Swaziland. According to
Countryaah, the political repression continued, even
though the King during the year bowed to protests and
withdrew a decree that would have given him greatly
increased power. Opposition politician Mario Masuku was
charged with rebellion, which could result in 20 years in
prison. The opposition demanded his release, but a press
conference on Masuku was dissolved by armed police.
In September, King Mswati issued a five-year sex ban for
unmarried girls under 19. The monarch wanted to revive the
old custom of preserving a young girl's innocence while
helping to curb the spread of HIV and AIDS. However, the
king was criticized for undermining his injunction himself
by taking a 17-year-old schoolgirl as his eighth wife and
also choosing another teenage fiancee. The king bowed to the
criticism and in November paid an ox in fines.
The editor of the monthly magazine The Nation,
Bhekithemba Makhubu and human rights lawyer Thulani Maseko
were sentenced to two years in July 2014. They were
convicted of "contempt of court" on the basis that they
questioned the independence and integrity of the judiciary
in the February issue of the magazine.
In 2014, the King's appanage in the state budget was DKK
61 million. US $. On the other hand, 63% of the country's
population had to survive on US $ 1.25 a day. The appendix
thus corresponded to 134,000 of his subjects' annual income.
After being criticized for his expensive cars - after buying
a DaimlerChrysler for ½ million. US $ - he banned
photography of his cars. In addition to cars, in 2014, the
king had 15 wives - some of whom robbed from their families
- and 25 children.
The regime's repression of media, opposition and trade
unions continued through 2015. In February and March,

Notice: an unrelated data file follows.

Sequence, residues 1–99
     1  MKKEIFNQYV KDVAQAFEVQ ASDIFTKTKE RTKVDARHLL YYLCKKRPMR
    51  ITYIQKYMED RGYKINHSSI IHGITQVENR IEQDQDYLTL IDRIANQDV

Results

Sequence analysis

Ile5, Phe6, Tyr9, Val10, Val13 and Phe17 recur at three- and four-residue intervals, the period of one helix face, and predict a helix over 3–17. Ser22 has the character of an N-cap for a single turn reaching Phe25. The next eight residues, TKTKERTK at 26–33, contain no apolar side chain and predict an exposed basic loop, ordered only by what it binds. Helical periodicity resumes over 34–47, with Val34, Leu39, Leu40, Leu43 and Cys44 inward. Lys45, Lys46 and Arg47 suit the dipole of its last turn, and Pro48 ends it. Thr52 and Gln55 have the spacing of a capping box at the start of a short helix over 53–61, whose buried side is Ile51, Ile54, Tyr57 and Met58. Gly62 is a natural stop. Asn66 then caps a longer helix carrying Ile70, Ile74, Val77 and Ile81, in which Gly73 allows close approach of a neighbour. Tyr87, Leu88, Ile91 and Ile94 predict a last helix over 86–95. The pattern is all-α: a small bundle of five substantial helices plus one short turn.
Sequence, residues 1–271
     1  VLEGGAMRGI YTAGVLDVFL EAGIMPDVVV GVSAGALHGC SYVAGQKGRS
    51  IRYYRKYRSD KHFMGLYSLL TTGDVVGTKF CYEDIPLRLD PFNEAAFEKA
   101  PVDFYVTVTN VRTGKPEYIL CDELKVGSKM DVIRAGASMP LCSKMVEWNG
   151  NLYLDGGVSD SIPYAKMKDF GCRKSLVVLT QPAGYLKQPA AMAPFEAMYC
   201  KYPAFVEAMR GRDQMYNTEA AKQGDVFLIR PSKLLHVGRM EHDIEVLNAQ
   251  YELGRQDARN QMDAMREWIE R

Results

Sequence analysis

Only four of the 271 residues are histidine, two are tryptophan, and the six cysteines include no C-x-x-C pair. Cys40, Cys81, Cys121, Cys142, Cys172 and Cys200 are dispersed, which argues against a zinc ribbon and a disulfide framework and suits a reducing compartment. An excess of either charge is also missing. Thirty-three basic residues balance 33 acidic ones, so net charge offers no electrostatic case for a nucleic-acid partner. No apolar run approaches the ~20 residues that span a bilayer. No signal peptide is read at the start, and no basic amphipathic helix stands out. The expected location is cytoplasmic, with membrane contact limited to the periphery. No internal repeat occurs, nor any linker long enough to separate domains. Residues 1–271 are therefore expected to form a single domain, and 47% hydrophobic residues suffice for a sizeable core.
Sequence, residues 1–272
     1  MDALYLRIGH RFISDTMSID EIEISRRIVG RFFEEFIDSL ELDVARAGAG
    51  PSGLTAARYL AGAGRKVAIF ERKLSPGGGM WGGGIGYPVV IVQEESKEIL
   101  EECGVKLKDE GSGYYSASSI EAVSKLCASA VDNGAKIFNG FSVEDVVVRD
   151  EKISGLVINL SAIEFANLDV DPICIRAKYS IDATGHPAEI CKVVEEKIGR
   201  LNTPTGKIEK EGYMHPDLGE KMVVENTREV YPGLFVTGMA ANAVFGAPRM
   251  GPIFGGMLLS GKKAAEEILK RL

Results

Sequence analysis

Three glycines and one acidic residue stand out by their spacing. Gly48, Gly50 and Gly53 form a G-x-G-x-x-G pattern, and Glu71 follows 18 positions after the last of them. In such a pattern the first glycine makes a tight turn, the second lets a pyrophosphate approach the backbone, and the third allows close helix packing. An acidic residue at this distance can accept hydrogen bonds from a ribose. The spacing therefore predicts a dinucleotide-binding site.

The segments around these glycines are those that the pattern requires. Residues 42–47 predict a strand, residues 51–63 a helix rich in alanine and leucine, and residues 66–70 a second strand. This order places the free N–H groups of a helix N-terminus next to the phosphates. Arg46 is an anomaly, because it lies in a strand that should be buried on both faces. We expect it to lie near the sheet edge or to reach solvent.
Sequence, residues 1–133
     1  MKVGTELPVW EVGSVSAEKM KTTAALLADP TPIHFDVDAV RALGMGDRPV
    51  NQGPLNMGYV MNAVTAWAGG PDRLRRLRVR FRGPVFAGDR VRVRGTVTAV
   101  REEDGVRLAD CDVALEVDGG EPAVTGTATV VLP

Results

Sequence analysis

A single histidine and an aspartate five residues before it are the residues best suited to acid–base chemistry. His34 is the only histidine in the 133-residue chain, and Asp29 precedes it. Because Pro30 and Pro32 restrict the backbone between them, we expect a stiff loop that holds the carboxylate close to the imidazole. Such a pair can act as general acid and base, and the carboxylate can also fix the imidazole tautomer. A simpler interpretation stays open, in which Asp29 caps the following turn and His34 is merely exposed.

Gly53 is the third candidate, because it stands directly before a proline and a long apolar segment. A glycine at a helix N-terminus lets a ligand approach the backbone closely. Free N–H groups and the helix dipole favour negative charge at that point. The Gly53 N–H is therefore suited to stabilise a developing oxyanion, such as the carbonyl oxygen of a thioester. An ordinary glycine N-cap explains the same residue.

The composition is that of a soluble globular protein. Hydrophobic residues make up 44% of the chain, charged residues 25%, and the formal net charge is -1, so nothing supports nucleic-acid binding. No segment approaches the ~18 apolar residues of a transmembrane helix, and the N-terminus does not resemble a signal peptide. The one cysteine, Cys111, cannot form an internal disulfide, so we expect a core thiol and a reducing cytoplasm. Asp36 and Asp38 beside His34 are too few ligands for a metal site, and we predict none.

meetings by TUCOSWA were attacked by security forces and
disbanded. After being banned for 3 years, the national
organization was again allowed in May.
At President Obama's request, in January 2015, Swaziland
was excluded by the African Growth and Opportunity Act
(AGOA), which gave African companies access to the North
American market. It hit Swaziland hard. A number of textile
mills were closed and hundreds of workers fired. Following
international pressure, the regime released a number of
Authorities continued their harassment against the trade
union movement and the professionally active. In February
2016, police arrested 2 leaders of the Swaziland National
Association of Teachers (SNAT), Mcolisi Ngcamphalala and
Mbongwa Dlamini during a protest action. Two days later, the
police searched their home. The same month, police blocked a
march to Parliament, organized by the Trade Union Congress
of Swaziland (TUCOSWA). In April, police conducted two
searches of the Swaziland Union of Financial Institutions
and Allied Workers (SUFIAWU) office without a warrant. That
same month, a police commissioner threatened a number of
union activists with death.